ATTORNEYS FOR APPELLANT
ATTORNEYS FOR APPELLEES
C. Warren Holland Richard D. Wagner Scott Shockley
Michael W. Holland Thomas J. Costakis DeFur, Voran, Hanley,
Holland & Holland Jeffrey C. McDermott Radcliff & Reed
Indianapolis, Indiana Krieg, DeVault, Alexander, Muncie, Indiana
& Capehart, LLP
Morris L. Klapper Indianapolis, Indiana William T. Plesec
Klapper, Isaac & Parish Paul D. Koethe
Indianapolis, Indiana David O. Tittle Kevin D. Boyce
Karl L. Mulvaney Jones, Day, Reavis & Pogue
Nana Quay-Smith Cleveland, Ohio
Bingham, Summers, Welsh,
& Spilman James E. Berger
Indianapolis, Indiana Shook, Hardy & Bacon, LLP
Kansas City, Missouri
APPEAL FROM THE MARION CIRCUIT COURT
The Honorable Kenneth H. Johnson, Judge
Cause No. 49D02-9302-CT-0008
April 18, 2001
Bouye v. State, 699 N.E.2d 620, 628 (Ind. 1998). In deciding whether
the presumption of harm has been rebutted, we evaluate the nature of the
communication to the jury and the effect it might have had upon a
fair determination. Smith v. Convenience Store Distrib. Co., 583 N.E.2d 735, 738
In this case, the jury asked the bailiff whether the judge would allow the jury to hold a press conference after the case was over. The bailiff relayed this question to the judge. The communication from the judge, by way of the bailiff, consisted of an unadorned one-word response: "yes." The answer to the jury's question did not provide any further information regarding the law or facts of the case.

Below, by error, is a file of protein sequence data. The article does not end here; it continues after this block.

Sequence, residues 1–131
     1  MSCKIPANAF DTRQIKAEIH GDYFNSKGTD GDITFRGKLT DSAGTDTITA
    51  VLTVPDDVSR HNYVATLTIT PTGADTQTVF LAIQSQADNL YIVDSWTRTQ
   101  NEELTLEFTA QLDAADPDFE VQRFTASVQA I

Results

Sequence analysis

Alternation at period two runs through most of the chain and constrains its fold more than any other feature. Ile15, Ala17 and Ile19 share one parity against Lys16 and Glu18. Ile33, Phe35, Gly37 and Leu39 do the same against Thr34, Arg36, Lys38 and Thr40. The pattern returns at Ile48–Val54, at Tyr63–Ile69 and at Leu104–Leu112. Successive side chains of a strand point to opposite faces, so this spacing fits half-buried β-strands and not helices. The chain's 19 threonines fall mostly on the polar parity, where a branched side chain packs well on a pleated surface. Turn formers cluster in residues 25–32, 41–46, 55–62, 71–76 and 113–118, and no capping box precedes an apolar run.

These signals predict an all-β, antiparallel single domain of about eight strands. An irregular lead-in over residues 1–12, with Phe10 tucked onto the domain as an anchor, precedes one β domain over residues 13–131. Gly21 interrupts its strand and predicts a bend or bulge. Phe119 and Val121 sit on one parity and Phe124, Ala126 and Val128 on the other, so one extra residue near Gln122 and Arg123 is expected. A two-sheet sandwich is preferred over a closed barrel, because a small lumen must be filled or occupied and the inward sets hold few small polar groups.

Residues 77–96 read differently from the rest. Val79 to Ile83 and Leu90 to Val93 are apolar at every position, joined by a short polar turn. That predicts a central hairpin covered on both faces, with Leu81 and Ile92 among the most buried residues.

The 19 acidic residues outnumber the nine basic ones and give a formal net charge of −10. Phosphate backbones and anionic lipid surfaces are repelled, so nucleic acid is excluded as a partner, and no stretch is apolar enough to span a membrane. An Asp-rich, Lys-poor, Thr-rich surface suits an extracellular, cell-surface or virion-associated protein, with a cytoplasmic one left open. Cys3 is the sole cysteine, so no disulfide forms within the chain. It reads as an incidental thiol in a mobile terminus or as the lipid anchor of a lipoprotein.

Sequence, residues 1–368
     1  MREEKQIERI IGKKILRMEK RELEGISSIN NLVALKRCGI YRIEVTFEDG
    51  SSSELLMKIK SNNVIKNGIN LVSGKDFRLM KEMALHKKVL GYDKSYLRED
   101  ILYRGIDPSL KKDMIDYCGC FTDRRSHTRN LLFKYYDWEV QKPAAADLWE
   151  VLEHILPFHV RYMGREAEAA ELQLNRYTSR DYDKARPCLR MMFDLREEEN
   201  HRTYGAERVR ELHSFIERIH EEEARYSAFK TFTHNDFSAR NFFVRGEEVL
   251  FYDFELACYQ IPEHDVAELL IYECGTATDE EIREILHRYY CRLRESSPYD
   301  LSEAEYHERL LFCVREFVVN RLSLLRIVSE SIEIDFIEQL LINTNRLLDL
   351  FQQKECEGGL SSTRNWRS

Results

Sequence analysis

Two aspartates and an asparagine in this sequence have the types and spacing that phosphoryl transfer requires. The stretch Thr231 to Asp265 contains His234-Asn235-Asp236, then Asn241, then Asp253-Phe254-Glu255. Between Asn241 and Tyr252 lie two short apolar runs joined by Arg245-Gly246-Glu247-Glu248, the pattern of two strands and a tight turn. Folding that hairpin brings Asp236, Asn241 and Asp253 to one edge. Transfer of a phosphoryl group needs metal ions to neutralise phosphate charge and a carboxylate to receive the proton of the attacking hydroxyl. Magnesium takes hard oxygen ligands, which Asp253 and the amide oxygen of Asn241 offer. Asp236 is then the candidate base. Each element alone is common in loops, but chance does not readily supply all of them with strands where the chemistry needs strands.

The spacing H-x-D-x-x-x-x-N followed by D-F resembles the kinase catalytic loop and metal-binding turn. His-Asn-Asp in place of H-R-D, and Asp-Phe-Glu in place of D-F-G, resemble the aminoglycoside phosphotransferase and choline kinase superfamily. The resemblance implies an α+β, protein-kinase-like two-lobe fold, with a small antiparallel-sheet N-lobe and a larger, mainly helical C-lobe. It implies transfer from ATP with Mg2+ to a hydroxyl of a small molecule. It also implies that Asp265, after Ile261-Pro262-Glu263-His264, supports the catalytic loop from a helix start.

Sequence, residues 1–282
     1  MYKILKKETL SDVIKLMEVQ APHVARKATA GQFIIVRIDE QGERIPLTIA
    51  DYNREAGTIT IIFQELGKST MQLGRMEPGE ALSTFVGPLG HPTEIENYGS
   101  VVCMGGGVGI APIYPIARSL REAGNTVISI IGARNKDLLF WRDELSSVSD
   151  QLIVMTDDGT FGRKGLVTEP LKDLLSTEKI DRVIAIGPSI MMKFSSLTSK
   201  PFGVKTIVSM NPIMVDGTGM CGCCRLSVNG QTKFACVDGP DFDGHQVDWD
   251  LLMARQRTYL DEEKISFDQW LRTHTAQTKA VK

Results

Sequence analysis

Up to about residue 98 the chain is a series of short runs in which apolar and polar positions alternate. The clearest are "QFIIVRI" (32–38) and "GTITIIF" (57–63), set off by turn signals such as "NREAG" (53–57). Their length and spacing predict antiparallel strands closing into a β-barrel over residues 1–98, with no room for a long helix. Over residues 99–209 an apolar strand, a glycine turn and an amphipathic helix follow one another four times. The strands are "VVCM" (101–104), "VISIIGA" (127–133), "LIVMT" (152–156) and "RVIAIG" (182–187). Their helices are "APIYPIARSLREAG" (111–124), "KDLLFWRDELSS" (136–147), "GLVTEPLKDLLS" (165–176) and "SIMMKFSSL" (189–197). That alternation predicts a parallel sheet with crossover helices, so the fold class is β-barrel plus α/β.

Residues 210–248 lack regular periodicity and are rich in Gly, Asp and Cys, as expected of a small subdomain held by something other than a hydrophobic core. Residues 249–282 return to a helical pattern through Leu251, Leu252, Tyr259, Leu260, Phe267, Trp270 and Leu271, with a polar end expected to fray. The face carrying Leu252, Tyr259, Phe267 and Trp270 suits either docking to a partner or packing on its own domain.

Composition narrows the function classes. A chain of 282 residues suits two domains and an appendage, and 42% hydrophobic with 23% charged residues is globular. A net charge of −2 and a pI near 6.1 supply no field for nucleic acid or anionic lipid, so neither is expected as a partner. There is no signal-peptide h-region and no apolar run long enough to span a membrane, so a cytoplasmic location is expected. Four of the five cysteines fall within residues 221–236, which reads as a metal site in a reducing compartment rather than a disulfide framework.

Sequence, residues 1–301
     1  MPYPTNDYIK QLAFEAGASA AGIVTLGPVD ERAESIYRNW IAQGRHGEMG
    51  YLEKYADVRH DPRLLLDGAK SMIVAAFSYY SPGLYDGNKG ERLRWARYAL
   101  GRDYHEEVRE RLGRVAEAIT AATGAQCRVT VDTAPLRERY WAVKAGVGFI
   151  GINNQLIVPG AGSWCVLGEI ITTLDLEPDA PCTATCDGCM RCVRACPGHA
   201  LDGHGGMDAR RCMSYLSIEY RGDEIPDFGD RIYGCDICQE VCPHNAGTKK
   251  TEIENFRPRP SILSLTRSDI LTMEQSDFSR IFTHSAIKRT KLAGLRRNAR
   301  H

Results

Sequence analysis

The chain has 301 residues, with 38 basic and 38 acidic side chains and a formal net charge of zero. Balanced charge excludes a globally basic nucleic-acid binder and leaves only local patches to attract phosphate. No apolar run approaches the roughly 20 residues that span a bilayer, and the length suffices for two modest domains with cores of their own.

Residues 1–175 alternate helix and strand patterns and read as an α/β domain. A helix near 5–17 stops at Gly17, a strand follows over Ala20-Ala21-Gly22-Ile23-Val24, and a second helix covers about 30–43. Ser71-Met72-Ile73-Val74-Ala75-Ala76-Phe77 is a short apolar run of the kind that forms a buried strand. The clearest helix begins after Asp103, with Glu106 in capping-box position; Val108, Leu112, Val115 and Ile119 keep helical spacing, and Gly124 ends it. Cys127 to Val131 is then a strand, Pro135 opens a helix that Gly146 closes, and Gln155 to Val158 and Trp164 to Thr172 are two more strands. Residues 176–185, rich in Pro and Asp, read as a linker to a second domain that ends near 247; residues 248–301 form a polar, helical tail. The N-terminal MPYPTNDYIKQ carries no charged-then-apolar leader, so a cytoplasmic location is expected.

The effect of the communication may be gauged by the reaction of the jury. A short time interval between the judge's comments and the verdict tends to support the presumption of error. See Smith, 583 N.E.2d at 738. In Smith, the jury had been deliberating for almost six hours and had described itself as deadlocked. After the ex parte communication occurred, only ten minutes passed before the verdict was reached. We found that this sudden turn of events suggested "the judge's comments may have had an influence on the verdict." Id. (citing Rogers v. United States, 422 U.S. 35, 95 S.Ct. 2091, 45 L.Ed.2d 1 (a five minute time period between improper comments and verdict is significant enough to require retrial)).
In the present case, the jury was in its second day of deliberations when it communicated with the judge. After the judge's response, the jury deliberated for seven more hours before reaching a verdict, hardly a sudden turn of events. See Nesvig v. Town of Porter, 668 N.E.2d 1276, 1288 (Ind. Ct. App. 1996)(finding one hour deliberation after improper communication was not a sudden turn of events).
Although it would have been better practice for the judge to have notified the parties before sending his response to the jury, we find that any presumption of error is rebutted by the circumstances. The jury's inquiry involved a matter of trial administration rather than substantive issues pending for its determination. The judge's response was neutral, accurate, and not misleading. Moreover, the ensuing length of deliberations provides a strong indication that the response did not substantially influence the verdict, if at all.
We find no reversible error on this issue. As to all other issues, the Court of Appeals is summarily affirmed. Ind.Appellate Rule 11(B)(3). See footnote The judgment of the trial court is affirmed.
SHEPARD, C.J., and RUCKER, J., concur. SULLIVAN, J., dissenting, would deny transfer.
BOEHM, J., not participating.